Sometimes it helps to start by focusing on what something is not. Leaving your cash under the mattress is one of the surest ways to cause a permanent loss of capital. No, not necessarily due to burglary on your premises, but rather the simple facts of economics.
If one works with a long-term average inflation rate of 6%, your purchasing power will decrease by 50% every 12 years. Put differently, the average cost of consumption will at least double over a 12-year period. Why “at least”? Because not everyone consumes the average basket of goods or services. Private medical care, for example, on average increases by around 10% per year – and so the list goes on. A 12-year period is a relatively short time considering such a significant effect on your capital. Einstein said that compound interest (interest on interest on interest…) is the eighth wonder of the world, and his reason was that wealth is created exponentially, not in a linear way. Inflation is also exponential and therefore the effect over a 12-year period is so substantial, albeit in the wrong direction.
If you want to win a rugby game, you at least need to be in the game. Leaving money under the mattress or even just in a bank account, means sitting on the side-lines. If you think “maybe I can sit on the side-lines for a while and re-enter the game when the time is right…”, the problem is that when it comes to investments there is too much evidence that it is not possible to consistently get your timing right and that you most probably will end up chasing your tail as well as incurring unnecessary transaction costs.
The question remains, how do we protect capital? We now know that at least we need to be in the game and grow our assets in tune with inflation, but we still need to know what is necessary to at least grow them at the same rate as inflation. The two goal posts for which you have to aim are adequate diversification and paying the right price. They have to be considered together and require a balancing act when aiming to create an all-weather portfolio, allowing you to play well at Newlands and at the Hage Geingob Stadium.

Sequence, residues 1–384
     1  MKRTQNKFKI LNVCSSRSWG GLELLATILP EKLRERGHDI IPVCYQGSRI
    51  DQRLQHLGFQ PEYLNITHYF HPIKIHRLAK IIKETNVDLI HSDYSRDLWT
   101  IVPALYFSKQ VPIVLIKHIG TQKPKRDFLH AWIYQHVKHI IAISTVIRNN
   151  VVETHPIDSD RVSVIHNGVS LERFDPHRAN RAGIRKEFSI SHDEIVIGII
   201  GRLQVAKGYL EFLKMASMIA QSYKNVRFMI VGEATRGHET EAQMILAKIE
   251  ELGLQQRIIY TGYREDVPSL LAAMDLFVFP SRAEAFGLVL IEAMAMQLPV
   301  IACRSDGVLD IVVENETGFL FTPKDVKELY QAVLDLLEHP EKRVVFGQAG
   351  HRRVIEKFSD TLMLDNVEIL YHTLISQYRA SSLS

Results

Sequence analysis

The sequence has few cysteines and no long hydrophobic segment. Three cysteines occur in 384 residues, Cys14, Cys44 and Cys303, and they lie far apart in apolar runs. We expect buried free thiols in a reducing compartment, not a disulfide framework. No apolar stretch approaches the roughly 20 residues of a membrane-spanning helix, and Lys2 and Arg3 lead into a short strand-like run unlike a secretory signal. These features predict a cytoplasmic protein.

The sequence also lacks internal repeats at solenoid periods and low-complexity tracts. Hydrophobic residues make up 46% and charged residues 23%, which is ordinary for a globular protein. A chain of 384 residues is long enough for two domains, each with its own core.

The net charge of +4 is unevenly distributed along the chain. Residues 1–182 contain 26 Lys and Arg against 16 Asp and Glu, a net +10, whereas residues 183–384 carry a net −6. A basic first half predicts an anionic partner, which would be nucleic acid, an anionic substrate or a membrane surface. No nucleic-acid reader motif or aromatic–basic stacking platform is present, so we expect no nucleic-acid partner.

Adequate diversification means that you don’t place all your eggs in one basket. If you want to invest in businesses it would be wise to invest in 30 stocks, for example, not just one. This also means that it might be wise to spread your capital across different geographies and/or sectors.
The goal post of paying the right price reminds you that you cannot just buy something without considering what it is worth. Those who fly with Westair frequently may have read the article on Investing against Emotions. It refers to the emotional rollercoaster of economic cycles and where humans tend to inflate or deflate the prices of assets based on perceptions of the time.
The often reckless geographical allocation calls that investors make are a very practical example that is close to home. Ten- year government bonds in the developed world, for example Germany and the Netherlands, currently have negative annual real returns (after deducting inflation) for 10 years. In simple terms this means that you are paying those governments money to borrow money from you – ludicrous!! The cyclically adjusted S&P 500 Index in the USA is trading at rarely seen expensive valuation levels. The only other years that stand out in this respect are 1929 and 1999. When you have time, ask Google to remind you what happened next. What goes up must come down. Real yields achieved, for example, with 10- year South African government bonds are ±5%, already taking very dire economic conditions into account and providing you with a margin of safety. Parts of the Johannesburg Stock Exchange are on auction for less than during the financial crisis of 2008/2009. Locally, the returns of certain money market funds are between 3% and 4% above inflation.
This article by no means aims to provide advice on specific asset categories or geographies, as we are all different and our specific circumstances need to be considered carefully. However, these goal posts remind us that we need to carefully consider the playing field before we play (invest). Yes, we need an all-weather portfolio invested in different jurisdictions, but we cannot just do it at any price – or did we already forget about our own recent property bubble that burst some of our capital permanently?